I look after seven listings spread over two flats in the same building. When I tried smart pricing all my listings started to compete with each other for the lowest price. If I hadn't switched it off I'd have ended up paying people to stay here.
I keep analyzing my competition - their prices and when they are closed for bookings. I raised my prices a little as I would rather work less for more. I also added a slight surcharge for guests over 2 (more linens, etc.) I have an advantage of having two bedrooms, which is a listing often in demand. And decided to accept dogs for $100 per stay! So far, so good!
I will not be increasing my prices for the moment. I am happy with the payment being received and will re-evaluate in 6 months time.
I use the Smart Pricing feature and bump the minimum up to what I feel is the least I can accept for offering my home to others.
I'm have been relying on airbnb's algorithm thus far, and plan to continue relying on that feature as I have had more bookings than I need.
Anyone else use the smart booking feature with strong positive, or negative, feedback?
Hi @Cody235 , I use smart pricing, but I find that its too slow, or else the high demand in my area isn't high demand enough, for Airbnb to even register its high demand, so it always selects the lowest price. I've added manual prices for those periods I know are high demand.
Greetings great one.
Yes 2022 was an experience which iii will use to guide my 2023 where growth is concerned.
Yes iii am willing to adjust my pricing a little more especially in the coming busy season.
Love and Light to you all
Just wanted to make a point on this 'Pricing' issue. One of the objectives in hosting is to 'look current', meaning places without a review 1-2-3 months subconsciously feel to an unknowing reader like that place is not coveted by others thus do not tend to add to the dilemma. For some that is another further negative aspect of the last few months (even going back since May for many).
One thing leads to another: for 2022, the new categories spread the clientele more broadly (default 5-day filters also part of the problem) > low bookings for some > makes the web site visitor nervous seeing no one or not many staying in a place > a problem that then compounds itself further. Oftentimes, best to lower prices just to get enough reviews to stay relevant. Just a thought.
Hi Again. You can see my listings at Beach View Deluxe in Ventura and Beach Side Styl’n in Ventura. The listings are not the problem. We are a 12 month season. There isn’t any downtime. I have to block downtime when needed for maintenance.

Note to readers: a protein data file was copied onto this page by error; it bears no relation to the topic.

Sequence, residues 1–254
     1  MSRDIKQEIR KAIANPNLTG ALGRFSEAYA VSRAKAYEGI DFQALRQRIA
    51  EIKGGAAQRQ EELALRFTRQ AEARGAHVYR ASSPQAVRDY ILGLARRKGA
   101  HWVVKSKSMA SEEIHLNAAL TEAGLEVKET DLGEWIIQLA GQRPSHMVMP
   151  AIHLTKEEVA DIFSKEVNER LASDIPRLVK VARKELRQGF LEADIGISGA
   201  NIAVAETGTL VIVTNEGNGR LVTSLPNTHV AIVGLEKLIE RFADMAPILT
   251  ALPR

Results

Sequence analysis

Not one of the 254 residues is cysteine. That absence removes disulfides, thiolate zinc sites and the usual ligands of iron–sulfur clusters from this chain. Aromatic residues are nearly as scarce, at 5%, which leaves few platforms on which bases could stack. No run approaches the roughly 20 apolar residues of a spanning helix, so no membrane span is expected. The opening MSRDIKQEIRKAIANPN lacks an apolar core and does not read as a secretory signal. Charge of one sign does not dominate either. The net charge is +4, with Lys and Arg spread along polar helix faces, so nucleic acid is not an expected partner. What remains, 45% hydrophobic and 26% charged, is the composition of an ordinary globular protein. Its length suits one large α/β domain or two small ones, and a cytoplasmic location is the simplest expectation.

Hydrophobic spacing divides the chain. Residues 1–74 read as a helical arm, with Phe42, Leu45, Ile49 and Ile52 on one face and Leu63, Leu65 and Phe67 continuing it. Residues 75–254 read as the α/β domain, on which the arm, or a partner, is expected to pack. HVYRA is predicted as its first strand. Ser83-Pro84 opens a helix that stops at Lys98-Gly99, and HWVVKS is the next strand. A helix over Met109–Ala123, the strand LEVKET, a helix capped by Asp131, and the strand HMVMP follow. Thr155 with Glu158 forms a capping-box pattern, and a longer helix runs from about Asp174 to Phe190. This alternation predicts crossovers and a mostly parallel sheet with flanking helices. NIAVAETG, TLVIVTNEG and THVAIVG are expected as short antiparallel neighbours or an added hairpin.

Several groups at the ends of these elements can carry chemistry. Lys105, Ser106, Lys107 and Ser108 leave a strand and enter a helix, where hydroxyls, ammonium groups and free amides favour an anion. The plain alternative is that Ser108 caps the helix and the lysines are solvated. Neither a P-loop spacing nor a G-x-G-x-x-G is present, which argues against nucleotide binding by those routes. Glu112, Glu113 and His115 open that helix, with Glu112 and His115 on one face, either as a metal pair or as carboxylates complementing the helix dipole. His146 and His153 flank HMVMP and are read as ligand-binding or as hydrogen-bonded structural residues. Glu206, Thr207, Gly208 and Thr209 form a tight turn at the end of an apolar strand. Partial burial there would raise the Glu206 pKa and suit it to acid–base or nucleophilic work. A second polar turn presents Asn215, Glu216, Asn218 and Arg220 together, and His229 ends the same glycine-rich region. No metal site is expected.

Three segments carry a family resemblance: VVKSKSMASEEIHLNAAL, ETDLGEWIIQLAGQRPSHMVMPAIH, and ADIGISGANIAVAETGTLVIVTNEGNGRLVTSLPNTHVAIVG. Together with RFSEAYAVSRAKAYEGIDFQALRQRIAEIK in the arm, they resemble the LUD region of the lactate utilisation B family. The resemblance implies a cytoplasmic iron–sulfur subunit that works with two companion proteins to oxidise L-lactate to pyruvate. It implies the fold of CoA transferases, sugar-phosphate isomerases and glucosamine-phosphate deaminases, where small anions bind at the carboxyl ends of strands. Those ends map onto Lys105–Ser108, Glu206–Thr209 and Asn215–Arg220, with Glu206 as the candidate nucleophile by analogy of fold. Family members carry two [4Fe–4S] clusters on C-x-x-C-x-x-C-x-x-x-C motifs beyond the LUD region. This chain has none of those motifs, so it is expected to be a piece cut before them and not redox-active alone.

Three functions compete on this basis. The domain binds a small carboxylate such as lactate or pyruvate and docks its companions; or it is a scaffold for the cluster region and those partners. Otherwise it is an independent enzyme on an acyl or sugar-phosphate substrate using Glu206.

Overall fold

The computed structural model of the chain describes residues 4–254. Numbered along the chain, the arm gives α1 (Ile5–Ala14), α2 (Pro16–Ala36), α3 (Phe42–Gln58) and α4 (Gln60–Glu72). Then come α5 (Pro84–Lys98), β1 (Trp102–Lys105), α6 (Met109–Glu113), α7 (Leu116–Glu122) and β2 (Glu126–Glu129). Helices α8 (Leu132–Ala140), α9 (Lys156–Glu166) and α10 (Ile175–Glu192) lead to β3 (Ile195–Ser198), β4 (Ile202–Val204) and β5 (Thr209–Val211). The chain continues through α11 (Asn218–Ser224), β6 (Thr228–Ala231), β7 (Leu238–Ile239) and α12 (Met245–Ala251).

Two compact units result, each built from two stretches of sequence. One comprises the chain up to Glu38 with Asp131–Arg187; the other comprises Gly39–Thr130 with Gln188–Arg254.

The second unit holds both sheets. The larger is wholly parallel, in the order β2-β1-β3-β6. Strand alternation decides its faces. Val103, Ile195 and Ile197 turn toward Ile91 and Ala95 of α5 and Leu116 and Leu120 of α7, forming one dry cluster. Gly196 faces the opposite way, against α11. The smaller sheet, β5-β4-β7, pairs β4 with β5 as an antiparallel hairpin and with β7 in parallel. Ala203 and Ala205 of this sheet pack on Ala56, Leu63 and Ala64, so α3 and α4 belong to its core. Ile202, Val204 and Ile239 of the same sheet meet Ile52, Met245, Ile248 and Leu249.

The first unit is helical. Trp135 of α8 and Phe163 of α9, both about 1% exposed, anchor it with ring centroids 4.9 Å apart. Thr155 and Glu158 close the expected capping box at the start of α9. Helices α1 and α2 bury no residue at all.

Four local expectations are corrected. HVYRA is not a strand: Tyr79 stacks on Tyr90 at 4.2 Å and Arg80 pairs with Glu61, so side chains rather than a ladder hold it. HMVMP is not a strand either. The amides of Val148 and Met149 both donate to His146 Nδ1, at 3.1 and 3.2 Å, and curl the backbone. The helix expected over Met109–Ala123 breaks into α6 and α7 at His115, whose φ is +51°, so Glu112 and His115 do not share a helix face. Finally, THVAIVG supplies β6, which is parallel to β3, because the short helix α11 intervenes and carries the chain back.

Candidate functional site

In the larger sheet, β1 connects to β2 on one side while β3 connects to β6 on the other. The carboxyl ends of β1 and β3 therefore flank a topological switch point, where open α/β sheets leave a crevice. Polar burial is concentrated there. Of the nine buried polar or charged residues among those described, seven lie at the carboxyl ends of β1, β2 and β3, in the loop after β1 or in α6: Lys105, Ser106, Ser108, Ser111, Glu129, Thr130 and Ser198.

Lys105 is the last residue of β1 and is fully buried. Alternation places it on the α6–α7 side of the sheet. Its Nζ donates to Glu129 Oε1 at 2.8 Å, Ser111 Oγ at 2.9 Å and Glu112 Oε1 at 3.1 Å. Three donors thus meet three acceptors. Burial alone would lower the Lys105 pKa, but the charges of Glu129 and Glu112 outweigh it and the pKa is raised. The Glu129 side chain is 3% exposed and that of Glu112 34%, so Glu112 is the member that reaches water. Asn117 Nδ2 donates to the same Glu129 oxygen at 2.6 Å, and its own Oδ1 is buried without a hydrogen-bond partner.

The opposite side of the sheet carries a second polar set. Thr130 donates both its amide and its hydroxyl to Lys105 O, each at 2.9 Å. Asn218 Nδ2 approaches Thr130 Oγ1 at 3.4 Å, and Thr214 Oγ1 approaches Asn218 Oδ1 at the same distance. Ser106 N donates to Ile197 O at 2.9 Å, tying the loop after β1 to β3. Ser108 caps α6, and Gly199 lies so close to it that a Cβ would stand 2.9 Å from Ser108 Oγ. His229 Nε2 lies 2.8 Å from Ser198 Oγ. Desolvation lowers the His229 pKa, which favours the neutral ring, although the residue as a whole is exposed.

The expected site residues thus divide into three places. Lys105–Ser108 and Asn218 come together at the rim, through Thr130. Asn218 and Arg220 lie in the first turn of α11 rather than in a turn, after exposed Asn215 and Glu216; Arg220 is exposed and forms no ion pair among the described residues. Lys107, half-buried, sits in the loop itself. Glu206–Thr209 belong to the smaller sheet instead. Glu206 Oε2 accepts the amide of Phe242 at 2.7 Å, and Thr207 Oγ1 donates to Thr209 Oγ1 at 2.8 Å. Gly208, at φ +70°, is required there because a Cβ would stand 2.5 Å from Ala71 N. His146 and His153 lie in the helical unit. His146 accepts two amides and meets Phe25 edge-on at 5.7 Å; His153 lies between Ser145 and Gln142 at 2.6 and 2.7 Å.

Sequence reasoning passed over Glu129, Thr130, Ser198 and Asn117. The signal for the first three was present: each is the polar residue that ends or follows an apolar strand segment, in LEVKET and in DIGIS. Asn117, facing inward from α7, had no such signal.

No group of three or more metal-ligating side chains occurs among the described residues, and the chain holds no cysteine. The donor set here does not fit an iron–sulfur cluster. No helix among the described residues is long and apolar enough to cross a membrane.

Hi Fred, I am usually 85-90% booked. Ratings are approximately 100 reviews for each listing. One is 5 the other is 4.99. I have a 3 night minimum.
there is a lot of discussion about this issue on LA Airbnb Host on Facebook (an Airbnb sponsored FB page). The problem appears to be with Airbnb changes to their algorithms. It also appears to be a world wide problem. I would rather help Airbnb identify the issues than change companies. These are difficult growing pains for all of us. Many are talking about it and some are SCREAMING. This isn’t good. 🤞It gets solved soon.
I think your point about recent reviews is valid @Fred13 - as a consumer that's what I look for, too. I believe though that when people are looking at something like a Maine getaway (which is what my listings are), they're comfortable with the last review being from October, because they understand that coastal Maine is not a winter wonderland.
For many hosts - like me - it is a challenge that Airbnb sorts reviews not by date first, but by original language first (then by date). I am in Sweden, and have my language setting at English, as most of my guests are international guests who communicate in English. Meaning that all reviews written in English come up first (sorted newest to oldest), THEN come all reviews written in other languages (newest first).
I took a break from hosting from Aug 2021 to Oct 2022. Have had 5 great guests since then, who all wrote great reviews. But only the review in English (Oct) shows up at the top of my list of reviews, for guests who have English set as their language. So for many guests searching, it looks like I’ve only had 1 guest since Aug 2021. Which is probably not to my advantage.
To see the other 4 recent reviews, you have to scroll past 39 reviews, and there, below my very first review (Vlad, May 2019), are my latest 4 reviews (Anna and Simone both from Germany, Merel from Holland and Éléonore from France).
This is quite frustrating - and also unneccessary. The translation tool at Airbnb is not bad, so there is no need to sort reviews by language.
I don’t want to lower my prices to get more bookings, and I don’t want to ask the guests to write in English - wish Airbnb would instead change the way they sort reviews.